Shares in automakers Nissan, Mitsubishi and Renault fell sharply Tuesday after the arrest of executive Carlos Ghosn on allegations of "significant acts" of financial misconduct.
All three firms are considering replacing him as chairman.
Nissan, one of the world's biggest automakers, said Ghosn falsified reports about his compensation "over many years" and that its internal investigation also found he had used company assets for personal purposes.
Japanese media reported Monday that Ghosn is being questioned by Tokyo prosecutors, suspected of failing to report millions of dollars in income.
Nissan said that based on a report by a whistleblower, it conducted an internal investigation of Ghosn and Representative Director Greg Kelly and shared its findings with public prosecutors. The company said both men had been arrested.
The automaker said its investigation showed that Ghosn had underreported his income to the Tokyo Stock Exchange by more than $40 million over five years.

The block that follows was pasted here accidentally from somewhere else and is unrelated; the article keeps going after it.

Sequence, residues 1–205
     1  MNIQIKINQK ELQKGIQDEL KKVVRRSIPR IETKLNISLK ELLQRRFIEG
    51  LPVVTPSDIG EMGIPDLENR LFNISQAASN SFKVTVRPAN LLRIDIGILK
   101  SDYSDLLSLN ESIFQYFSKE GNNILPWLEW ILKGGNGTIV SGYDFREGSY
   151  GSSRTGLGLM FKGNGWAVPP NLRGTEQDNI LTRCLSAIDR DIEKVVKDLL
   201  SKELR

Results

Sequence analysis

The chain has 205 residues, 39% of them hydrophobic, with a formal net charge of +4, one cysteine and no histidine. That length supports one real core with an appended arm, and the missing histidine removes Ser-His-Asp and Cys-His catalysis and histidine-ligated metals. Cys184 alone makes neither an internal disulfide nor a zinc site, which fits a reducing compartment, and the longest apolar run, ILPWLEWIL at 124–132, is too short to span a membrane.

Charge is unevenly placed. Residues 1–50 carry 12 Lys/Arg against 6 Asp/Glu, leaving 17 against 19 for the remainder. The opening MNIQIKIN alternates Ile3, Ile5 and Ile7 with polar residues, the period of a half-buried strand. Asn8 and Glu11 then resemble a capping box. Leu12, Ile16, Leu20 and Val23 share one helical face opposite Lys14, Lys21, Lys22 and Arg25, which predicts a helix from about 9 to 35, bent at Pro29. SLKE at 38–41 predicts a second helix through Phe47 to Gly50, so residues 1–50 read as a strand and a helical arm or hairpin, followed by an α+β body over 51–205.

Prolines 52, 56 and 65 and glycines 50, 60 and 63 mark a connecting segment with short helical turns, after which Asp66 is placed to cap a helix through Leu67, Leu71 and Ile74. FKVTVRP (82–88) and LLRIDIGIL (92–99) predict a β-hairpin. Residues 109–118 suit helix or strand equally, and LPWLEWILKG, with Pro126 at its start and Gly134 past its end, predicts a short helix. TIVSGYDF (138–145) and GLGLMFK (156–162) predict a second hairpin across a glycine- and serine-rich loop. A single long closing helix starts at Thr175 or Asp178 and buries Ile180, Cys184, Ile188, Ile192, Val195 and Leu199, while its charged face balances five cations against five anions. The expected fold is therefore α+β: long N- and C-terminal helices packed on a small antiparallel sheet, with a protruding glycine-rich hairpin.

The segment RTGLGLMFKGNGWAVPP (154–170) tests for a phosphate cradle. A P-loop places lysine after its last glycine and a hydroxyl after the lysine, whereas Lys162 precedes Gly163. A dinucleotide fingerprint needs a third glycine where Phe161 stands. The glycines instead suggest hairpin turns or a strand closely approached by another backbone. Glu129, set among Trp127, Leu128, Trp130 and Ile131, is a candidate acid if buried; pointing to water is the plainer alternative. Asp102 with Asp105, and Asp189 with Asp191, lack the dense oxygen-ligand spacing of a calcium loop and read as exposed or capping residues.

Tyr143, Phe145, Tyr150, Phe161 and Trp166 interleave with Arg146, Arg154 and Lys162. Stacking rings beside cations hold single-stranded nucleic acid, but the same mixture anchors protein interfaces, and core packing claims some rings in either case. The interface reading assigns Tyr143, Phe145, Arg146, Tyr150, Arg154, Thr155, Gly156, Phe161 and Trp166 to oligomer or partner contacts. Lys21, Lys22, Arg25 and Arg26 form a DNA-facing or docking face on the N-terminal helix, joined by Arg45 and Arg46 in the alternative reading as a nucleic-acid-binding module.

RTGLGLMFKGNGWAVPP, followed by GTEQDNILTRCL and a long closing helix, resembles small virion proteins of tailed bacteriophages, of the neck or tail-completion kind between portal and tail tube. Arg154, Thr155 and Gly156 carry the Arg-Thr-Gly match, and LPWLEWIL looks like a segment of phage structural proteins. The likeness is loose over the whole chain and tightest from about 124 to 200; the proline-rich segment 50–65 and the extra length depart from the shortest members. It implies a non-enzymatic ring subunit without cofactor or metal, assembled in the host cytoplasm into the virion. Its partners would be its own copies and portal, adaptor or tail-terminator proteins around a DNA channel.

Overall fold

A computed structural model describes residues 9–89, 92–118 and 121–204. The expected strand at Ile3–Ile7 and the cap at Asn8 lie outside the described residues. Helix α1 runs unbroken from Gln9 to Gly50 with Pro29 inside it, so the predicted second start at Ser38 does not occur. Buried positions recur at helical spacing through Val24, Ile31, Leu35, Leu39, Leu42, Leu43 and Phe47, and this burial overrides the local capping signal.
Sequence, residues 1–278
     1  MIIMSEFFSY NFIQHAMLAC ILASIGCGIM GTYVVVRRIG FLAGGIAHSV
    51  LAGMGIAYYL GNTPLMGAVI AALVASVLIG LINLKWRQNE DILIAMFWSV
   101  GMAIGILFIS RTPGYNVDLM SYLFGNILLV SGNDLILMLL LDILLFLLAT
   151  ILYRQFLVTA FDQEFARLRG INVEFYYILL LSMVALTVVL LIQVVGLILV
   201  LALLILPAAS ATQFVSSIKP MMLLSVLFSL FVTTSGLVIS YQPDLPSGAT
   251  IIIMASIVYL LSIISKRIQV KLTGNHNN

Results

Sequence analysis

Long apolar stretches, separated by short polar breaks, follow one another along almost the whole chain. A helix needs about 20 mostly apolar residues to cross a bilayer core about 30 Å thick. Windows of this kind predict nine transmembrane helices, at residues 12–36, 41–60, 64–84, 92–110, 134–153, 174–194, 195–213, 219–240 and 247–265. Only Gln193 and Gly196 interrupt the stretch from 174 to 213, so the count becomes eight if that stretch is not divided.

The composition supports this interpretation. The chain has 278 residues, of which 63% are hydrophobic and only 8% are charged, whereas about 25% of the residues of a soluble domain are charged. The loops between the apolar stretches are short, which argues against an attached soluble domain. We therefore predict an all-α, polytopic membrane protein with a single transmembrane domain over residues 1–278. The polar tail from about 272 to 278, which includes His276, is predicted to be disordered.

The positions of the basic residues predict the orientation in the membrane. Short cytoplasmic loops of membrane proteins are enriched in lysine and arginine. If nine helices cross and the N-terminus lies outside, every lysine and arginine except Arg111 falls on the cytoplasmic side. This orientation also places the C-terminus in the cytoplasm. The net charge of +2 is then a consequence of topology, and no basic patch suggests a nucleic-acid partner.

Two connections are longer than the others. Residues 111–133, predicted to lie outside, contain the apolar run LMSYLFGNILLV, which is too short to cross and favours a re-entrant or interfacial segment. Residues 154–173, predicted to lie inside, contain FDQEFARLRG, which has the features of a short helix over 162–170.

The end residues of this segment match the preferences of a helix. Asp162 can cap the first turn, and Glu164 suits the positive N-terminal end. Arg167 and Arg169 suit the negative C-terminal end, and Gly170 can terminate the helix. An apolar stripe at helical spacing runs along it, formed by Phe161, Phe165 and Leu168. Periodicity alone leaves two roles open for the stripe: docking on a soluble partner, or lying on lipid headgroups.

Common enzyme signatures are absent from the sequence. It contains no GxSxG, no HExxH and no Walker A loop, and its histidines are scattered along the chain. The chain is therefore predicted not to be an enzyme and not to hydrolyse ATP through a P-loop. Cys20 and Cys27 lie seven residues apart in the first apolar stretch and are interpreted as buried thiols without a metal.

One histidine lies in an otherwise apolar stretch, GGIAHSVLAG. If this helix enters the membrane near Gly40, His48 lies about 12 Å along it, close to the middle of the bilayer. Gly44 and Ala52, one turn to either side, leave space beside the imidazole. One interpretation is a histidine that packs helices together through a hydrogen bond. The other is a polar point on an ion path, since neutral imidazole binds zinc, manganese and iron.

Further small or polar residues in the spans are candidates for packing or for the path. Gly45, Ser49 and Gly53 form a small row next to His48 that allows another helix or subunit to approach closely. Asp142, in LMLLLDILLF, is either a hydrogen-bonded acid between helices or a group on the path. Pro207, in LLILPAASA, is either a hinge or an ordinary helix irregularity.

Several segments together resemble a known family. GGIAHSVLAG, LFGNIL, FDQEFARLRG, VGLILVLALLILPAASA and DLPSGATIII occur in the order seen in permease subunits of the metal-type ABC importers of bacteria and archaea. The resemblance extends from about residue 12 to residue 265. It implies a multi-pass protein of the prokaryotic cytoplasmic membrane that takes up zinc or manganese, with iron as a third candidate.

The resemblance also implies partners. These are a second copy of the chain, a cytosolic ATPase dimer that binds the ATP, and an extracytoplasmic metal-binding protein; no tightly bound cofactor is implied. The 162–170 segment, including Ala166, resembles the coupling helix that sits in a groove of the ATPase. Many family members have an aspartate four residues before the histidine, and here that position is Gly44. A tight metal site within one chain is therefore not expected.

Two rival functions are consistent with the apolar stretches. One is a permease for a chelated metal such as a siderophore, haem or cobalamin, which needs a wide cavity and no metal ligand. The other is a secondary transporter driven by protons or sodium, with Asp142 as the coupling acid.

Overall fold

The Ashai newspaper reported that prosecutors have raided Nissan's headquarters in Yokohama.
The Brazilian-born Ghosn, who is of Lebanese descent and a French citizen, was the rare foreign top executive in Japan.
Ghosn was sent to Nissan in the late 1990s by Renault SA of France, after it bought a controlling stake of Nissan. He is credited with rescuing Nissan from the brink of bankruptcy.
In 2016, Ghosn also took control of Mitsubishi, after Nissan bought a one-third stake in the company, following Mitsubishi's mileage-cheating scandal.
Together, the three automakers comprise the biggest global carmaking alliance, manufacturing one of every nine cars sold around the world. The three companies employ more than 470,000 people in nearly 200 countries.
Before Ghosn's arrest, Satoru Takada, an analyst at TIW, a Tokyo-based research and consulting firm, said his detention would "rock the Renault-Nissan-Mitsubishi alliance as he is the keystone of the alliance."